Roberto Selbach

# Euler 9

So the other night I was a bit bored and decided to do something to pass the time. I first came across Project Euler a while ago, but had never gone further than problem #1. Boredom is a great motivator and I went through problems #2 thru #9 last night and I decided to post my solutions in search of better ones. Feel free to comment with your suggestions.

Project Euler’s Problem #9 statement is —

A Pythagorean triplet is a set of three natural numbers, $a < b < c$, for which,

$a2 + b2 = c2$

For example, \$latex 32 + 42 = 9 + 16 = 25 = 52\$.

There exists exactly one Pythagorean triplet for which [pmath]a + b + c = 1000[/pmath].

Find the product [pmath]abc[/pmath].

Butt ugly, super slow, brute-force solution:

``````from sys import exit

def is_triplet(a, b, c):
if a < b and b < c:
return a ** 2 + b ** 2 == c ** 2

for a in range(0, 1000):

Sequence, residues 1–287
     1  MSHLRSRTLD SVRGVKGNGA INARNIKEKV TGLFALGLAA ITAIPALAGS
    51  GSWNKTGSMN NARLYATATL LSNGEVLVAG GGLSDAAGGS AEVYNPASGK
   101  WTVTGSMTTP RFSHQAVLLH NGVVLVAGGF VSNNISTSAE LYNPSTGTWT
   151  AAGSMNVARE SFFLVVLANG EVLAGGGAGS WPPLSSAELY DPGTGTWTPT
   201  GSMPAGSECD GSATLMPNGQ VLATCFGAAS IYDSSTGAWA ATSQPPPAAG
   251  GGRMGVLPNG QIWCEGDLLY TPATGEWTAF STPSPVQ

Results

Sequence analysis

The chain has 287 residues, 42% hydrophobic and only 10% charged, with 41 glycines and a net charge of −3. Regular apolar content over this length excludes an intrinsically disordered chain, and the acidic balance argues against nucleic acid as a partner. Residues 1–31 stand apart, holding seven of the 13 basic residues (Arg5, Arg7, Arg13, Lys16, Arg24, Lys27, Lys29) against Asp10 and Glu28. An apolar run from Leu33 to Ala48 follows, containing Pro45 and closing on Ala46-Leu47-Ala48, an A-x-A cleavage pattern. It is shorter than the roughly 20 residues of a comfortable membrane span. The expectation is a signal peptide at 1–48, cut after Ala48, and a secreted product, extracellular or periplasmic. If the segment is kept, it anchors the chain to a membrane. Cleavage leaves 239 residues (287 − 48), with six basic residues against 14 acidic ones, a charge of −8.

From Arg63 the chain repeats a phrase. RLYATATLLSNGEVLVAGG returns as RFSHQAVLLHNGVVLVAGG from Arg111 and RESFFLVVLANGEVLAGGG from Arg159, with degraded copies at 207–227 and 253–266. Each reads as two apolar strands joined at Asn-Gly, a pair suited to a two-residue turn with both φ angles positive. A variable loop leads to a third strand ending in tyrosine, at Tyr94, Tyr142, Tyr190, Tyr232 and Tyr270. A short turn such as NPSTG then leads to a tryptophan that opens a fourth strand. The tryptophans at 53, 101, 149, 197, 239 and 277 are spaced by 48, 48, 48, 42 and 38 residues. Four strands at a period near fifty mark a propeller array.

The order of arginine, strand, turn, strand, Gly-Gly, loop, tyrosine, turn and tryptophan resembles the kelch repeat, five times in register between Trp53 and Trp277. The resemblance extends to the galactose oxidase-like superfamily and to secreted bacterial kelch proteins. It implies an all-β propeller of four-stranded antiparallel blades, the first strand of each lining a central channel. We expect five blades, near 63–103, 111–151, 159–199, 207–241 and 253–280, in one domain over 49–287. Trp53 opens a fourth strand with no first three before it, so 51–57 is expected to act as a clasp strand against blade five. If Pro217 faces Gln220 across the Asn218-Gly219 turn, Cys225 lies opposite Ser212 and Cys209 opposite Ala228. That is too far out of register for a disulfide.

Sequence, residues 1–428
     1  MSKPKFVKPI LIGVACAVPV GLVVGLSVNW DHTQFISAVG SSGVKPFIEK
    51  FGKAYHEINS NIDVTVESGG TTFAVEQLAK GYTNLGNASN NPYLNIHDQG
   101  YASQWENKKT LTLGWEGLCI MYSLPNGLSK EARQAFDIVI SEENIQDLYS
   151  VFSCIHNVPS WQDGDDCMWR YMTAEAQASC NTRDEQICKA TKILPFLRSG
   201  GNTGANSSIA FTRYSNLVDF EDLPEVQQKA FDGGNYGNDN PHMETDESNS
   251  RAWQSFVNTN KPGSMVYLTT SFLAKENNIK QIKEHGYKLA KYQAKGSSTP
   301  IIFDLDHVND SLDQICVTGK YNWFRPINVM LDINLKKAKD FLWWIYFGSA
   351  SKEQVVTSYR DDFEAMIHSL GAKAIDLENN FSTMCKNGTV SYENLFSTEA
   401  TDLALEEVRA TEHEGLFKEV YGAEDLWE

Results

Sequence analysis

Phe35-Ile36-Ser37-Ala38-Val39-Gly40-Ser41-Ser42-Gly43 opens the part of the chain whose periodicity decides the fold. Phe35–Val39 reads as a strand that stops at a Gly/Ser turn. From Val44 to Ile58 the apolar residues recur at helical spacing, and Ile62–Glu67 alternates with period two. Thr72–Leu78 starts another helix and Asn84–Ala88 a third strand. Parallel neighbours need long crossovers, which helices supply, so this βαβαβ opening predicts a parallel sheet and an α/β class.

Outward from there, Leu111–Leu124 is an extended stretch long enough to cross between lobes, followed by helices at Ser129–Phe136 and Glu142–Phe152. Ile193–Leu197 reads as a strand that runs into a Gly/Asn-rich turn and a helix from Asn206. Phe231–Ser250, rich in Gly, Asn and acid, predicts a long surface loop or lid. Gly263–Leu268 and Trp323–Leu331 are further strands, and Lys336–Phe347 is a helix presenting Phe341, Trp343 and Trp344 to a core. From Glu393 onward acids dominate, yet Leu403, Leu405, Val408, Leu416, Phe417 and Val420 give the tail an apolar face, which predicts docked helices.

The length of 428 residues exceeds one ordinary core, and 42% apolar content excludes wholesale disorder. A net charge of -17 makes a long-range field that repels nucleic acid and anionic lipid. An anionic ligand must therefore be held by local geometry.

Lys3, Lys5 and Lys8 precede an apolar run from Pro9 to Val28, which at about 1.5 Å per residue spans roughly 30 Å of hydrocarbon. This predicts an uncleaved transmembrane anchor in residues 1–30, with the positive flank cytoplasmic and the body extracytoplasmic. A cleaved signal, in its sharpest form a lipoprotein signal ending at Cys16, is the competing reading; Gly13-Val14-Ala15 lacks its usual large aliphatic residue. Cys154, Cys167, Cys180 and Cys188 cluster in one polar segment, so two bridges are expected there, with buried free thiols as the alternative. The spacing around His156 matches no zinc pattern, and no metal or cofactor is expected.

for b in range(a + 1, 1000):
for c in range(b + 1, 1000):
if a + b + c == 1000 and is_triplet(a, b, c):
print a * b * c
exit(0)
``````

I’ll have to rethink this, as it’s really inefficient. As it is, it runs in 18.034s!

Updated 2010/08/04: Gustavo Niemeyer pointed an obvious optimization to the algorithm above (written in C)—the innermost loop is unnecessary. I rewrote it in Python to see the difference:

``````from sys import exit

def is_triplet(a, b, c):
return (a ** 2 + b ** 2 == c ** 2)

for a in range(1, 1000):
for b in range(a + 1, (1000 - a) / 2):
c = 1000 - a - b
if is_triplet(a, b, c):
print "%d * %d * %d = %d" % (a, b, c, a * b * c)
``````

From 18s to 0.076s. As well, following Eduardo Habkost’s suggestion, I used psyco and execution time went down to 0.023s.